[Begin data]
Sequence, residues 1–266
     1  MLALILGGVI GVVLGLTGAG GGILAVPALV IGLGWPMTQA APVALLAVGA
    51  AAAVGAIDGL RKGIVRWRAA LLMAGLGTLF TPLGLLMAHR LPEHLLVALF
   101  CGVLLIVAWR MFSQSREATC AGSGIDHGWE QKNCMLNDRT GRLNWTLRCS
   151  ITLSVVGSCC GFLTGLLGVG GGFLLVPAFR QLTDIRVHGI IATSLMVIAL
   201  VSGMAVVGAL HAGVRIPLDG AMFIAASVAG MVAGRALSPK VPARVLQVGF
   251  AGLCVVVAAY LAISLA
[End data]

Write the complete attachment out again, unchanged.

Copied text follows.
Sequence, residues 1–266
     1  MLALILGGVI GVVLGLTGAG GGILAVPALV IGLGWPMTQA APVALLAVGA
    51  AAAVGAIDGL RKGIVRWRAA LLMAGLGTLF TPLGLLMAHR LPEHLLVALF
   101  CGVLLIVAWR MFSQSREATC AGSGIDHGWE QKNCMLNDRT GRLNWTLRCS
   151  ITLSVVGSCC GFLTGLLGVG GGFLLVPAFR QLTDIRVHGI IATSLMVIAL
   201  VSGMAVVGAL HAGVRIPLDG AMFIAASVAG MVAGRALSPK VPARVLQVGF
   251  AGLCVVVAAY LAISLA